Is History Siding With Obama’s Economic Plan?
|August 26, 2009||Posted by Jeffery J. Smith under Progress Report, The Progress Report|
Is History Siding With Obama’s Economic Plan?
Tax Me is what some rich Americans tell Obama
A petition is one sign that the idealistic wealthy are not a small minority. While I appreciate their charity, Id rather not need it. I wish theyd keep their money — but first earn every penny of it. And all the money that society earns — the commonwealth, all the money we spend on all the nature and privilege we use — that, in lieu of taxes and subsidies, wed share equitably. Meanwhile, we trim, blend, and append two articles, (1) one of 2009 from the Christian Science Monitor, Aug 11, on asking to be taxed by David R. Francis; and (2) one of 2008 from the New York Times, August 30, on inequality by Alan S. Blinder, professor at Princeton, former vice chairman of the Federal Reserve, and advisor to many Democratic politicians.
by David R. Francis and by Alan S. Blinder
- Tax me, some rich Americans tell Obama
Raise my taxes, says millionaire Chuck Collins. The scion of the Oscar Mayer family supports a House panels healthcare plan that would boost taxes for families earning more than $350,000 a year. He also advocates ending the Bush tax cuts for the rich right away, rather than when they expire at the start of 2011, and closing foreign tax havens to Americans.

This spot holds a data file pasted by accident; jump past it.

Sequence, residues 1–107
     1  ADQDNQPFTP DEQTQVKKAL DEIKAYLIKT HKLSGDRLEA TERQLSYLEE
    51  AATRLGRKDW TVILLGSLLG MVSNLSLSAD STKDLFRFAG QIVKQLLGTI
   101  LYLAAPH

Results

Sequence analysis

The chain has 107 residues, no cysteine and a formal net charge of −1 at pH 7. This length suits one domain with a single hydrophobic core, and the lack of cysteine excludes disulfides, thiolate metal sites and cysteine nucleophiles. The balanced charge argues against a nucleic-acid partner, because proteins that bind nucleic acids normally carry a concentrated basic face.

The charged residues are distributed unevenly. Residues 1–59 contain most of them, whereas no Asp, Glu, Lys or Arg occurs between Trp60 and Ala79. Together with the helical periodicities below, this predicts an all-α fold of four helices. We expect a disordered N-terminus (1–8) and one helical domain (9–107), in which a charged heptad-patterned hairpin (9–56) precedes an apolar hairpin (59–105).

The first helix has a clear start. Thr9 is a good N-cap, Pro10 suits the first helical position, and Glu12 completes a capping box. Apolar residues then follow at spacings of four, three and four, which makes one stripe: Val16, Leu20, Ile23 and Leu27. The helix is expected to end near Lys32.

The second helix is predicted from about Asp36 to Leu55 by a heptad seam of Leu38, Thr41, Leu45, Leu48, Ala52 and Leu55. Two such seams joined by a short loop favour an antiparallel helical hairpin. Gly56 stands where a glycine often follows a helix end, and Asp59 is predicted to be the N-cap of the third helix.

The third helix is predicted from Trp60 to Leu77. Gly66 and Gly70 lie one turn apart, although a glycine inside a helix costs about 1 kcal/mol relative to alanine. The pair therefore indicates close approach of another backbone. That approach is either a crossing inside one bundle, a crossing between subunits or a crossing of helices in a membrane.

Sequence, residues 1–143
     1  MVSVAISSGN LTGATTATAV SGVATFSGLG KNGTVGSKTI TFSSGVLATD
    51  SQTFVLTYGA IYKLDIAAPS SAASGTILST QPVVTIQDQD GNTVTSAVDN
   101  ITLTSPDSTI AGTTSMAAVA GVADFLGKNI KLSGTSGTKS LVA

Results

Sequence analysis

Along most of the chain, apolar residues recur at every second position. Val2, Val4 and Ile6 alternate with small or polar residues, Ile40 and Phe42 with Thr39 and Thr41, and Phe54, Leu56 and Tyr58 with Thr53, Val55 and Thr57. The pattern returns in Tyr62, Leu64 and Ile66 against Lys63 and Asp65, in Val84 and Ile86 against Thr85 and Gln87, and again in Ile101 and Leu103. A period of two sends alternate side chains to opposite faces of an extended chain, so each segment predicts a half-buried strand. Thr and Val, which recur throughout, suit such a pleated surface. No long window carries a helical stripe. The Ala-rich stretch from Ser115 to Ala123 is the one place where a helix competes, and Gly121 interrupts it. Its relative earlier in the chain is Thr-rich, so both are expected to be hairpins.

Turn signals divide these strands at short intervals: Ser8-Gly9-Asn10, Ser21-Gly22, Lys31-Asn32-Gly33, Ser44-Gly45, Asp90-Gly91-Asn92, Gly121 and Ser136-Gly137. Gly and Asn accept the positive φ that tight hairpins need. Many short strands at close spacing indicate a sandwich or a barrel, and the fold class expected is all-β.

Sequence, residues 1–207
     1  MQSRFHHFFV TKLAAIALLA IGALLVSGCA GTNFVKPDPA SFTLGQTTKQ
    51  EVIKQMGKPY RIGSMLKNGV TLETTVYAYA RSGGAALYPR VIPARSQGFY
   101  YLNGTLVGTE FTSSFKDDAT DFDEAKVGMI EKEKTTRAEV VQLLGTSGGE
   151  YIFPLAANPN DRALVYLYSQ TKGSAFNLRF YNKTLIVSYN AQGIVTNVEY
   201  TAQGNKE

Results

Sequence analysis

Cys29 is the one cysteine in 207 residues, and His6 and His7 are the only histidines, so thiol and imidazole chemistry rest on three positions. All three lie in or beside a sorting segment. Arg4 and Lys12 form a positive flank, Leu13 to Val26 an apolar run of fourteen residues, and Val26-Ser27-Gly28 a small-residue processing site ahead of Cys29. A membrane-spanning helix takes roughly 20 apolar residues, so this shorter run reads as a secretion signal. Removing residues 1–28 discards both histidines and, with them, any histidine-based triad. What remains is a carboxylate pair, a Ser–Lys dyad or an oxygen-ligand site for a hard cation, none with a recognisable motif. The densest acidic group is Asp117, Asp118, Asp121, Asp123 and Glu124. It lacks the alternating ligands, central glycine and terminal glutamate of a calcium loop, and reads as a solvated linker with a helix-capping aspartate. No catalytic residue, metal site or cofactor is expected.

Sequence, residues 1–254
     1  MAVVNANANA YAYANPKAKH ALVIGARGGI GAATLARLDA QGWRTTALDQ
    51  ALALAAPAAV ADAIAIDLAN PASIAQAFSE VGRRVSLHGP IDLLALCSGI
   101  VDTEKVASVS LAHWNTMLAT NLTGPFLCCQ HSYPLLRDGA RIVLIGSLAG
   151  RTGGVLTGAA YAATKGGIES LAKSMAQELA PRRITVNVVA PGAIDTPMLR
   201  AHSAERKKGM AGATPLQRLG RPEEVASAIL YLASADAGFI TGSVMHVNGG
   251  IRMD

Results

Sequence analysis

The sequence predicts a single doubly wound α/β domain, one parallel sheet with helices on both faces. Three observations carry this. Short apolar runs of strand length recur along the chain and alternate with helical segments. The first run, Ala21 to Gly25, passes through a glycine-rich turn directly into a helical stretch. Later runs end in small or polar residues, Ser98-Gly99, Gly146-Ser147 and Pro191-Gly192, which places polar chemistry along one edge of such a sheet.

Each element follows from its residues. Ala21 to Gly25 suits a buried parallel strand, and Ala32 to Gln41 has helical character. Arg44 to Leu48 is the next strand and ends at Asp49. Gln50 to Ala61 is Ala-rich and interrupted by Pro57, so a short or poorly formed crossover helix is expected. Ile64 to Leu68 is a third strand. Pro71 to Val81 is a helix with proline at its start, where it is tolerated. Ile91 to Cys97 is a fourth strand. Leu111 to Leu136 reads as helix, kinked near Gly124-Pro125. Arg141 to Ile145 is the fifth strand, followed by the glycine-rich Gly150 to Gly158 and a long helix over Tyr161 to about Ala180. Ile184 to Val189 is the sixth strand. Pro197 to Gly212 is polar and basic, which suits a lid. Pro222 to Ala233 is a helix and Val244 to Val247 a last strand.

Although the financial burden would be sizable, Collins is busy urging other wealthy Americans to sign a tax-me petition.
In 1955, the top 400 US taxpayers paid 51% of their average income of $12.3 million (adjusted to 2006 dollars). In 2006, the most recent data available, the top 400 paid 17.2% of their average income of $263 million in federal taxes.
The US economy grew both when taxes on the rich were high in the 1950s and 1960s and after the Bush tax cuts.
- Does History Side With Higher Taxes?
The book, Unequal Democracy by Larry M. Bartels, looks at US GDP. He shows the US economy has grown faster, on average, under Democratic presidents than under Republicans.
Note, however, presidents have limited leverage over the nations economy. The Federal Reserve policy and oil prices, to name just two influences, are far more powerful than fiscal policy. Still
Data for the period from 1948 to 2007, during which Republicans occupied the White House for 34 years and Democrats for 26, show average annual growth of real gross national product of 1.64% per capita under Republican presidents versus 2.78% under Democrats.
That 1.14-point difference, if maintained for eight years, would yield 9.33% more income per person, which is a lot more than almost anyone can expect from a tax cut.
Over the entire 60-year period, income inequality trended substantially upward under Republican presidents but slightly downward under Democrats, thus accounting for the widening income gaps over all.
When Democrats were in the White House, lower-income families experienced slightly faster income growth than higher-income families. When Republicans were in the White House, the better-off enjoyed much faster income growth.